They have all done well. Have good college degrees and well-paying day jobs. And they are now ready for their next challenge — films, having grown up on a steady diet of Bollywood movies.
Paul Singh is a computer systems administrator and he was among the many Americans of Indian origin who showed up on Saturday to audition for 9 Eleven, a Hindi film to be shot in Washington DC.
“Indian immigrants are fulfilled financially,” Singh told The Washington Post.“Now they are looking for things to give them more fulfilment.”
9 Eleven is being produced by Narain Kumar Mathur, a Maryland state realtor, and directed by Manan Katohora, a Maryland engineer who has two previous Hindi films on his resume — Arya and When Kiran met Karen.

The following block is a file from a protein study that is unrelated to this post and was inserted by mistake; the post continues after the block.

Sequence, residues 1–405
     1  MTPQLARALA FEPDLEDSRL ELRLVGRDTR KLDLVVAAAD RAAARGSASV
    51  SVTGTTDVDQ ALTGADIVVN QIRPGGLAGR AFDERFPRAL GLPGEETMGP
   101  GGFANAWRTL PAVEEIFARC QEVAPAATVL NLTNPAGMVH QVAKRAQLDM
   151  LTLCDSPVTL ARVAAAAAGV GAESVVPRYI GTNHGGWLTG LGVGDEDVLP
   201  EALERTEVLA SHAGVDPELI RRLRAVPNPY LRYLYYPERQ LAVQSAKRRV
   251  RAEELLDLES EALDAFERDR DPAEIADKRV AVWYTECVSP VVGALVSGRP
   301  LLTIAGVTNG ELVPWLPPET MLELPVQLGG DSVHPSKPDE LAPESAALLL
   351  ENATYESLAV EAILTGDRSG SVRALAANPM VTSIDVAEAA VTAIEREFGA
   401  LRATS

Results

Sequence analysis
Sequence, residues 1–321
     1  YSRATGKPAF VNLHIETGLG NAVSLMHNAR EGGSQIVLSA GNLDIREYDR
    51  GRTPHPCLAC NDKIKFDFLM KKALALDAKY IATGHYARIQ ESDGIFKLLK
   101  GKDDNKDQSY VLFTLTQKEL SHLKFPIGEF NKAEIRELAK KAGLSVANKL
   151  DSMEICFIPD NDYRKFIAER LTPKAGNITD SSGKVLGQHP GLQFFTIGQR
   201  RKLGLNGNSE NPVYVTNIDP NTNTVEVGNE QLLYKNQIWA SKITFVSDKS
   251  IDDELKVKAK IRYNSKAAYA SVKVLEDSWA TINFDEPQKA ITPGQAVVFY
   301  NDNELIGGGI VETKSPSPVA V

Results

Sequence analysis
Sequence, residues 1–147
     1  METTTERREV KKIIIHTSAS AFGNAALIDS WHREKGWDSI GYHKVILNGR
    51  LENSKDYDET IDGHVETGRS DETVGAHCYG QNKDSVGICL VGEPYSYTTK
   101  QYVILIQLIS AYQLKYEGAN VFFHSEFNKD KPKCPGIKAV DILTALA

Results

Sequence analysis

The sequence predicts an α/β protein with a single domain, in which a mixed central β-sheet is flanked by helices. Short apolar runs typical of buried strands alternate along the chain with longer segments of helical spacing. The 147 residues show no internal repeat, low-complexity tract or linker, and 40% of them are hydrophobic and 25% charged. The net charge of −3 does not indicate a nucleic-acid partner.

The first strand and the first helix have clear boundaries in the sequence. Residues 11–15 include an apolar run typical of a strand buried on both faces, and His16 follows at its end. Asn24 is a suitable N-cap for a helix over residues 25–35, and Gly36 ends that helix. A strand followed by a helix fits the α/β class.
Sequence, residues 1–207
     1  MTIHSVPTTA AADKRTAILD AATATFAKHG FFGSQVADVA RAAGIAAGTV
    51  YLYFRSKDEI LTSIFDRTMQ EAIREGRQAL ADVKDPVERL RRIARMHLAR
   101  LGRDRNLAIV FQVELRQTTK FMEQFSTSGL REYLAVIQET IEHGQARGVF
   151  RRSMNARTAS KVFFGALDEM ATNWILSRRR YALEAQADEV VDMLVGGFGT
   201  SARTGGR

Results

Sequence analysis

Katohora came to the US 12 years ago as a software engineer — “much like most other Indians”, he told HT, but couldn’t get rid himself of the film bug.
Six years after a working at a job “to please mummy and papa”, he made the switch inspired by American Desi, a hugely successful 2001 film about American Indians by American Indians with an all-American Indian cast.
Farida Malik, on the other hand, took her time.
Malik had long wanted to act in a film, but her mother, a doctor, wouldn’t hear of it.
Good girls from good families didn’t go into films.
“I got one degree, and I’m about to do another one,” she said, adding, “as long as role is okay, she (her mother) is not going to say anything.” The director has assured her there will be no nudity in the film.